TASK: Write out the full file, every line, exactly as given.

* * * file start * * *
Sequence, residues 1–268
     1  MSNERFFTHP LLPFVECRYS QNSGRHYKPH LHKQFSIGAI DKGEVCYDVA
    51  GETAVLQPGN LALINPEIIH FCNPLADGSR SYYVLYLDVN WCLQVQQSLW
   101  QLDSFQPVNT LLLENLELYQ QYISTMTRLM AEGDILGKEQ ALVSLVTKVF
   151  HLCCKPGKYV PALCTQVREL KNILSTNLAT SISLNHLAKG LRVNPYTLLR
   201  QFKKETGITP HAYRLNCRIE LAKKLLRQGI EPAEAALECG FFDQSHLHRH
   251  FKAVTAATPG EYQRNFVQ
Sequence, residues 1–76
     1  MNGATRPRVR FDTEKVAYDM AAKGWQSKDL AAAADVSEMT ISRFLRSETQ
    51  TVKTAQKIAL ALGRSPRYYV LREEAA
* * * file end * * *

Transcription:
Sequence, residues 1–268
     1  MSNERFFTHP LLPFVECRYS QNSGRHYKPH LHKQFSIGAI DKGEVCYDVA
    51  GETAVLQPGN LALINPEIIH FCNPLADGSR SYYVLYLDVN WCLQVQQSLW
   101  QLDSFQPVNT LLLENLELYQ QYISTMTRLM AEGDILGKEQ ALVSLVTKVF
   151  HLCCKPGKYV PALCTQVREL KNILSTNLAT SISLNHLAKG LRVNPYTLLR
   201  QFKKETGITP HAYRLNCRIE LAKKLLRQGI EPAEAALECG FFDQSHLHRH
   251  FKAVTAATPG EYQRNFVQ
Sequence, residues 1–76
     1  MNGATRPRVR FDTEKVAYDM AAKGWQSKDL AAAADVSEMT ISRFLRSETQ
    51  TVKTAQKIAL ALGRSPRYYV LREEAA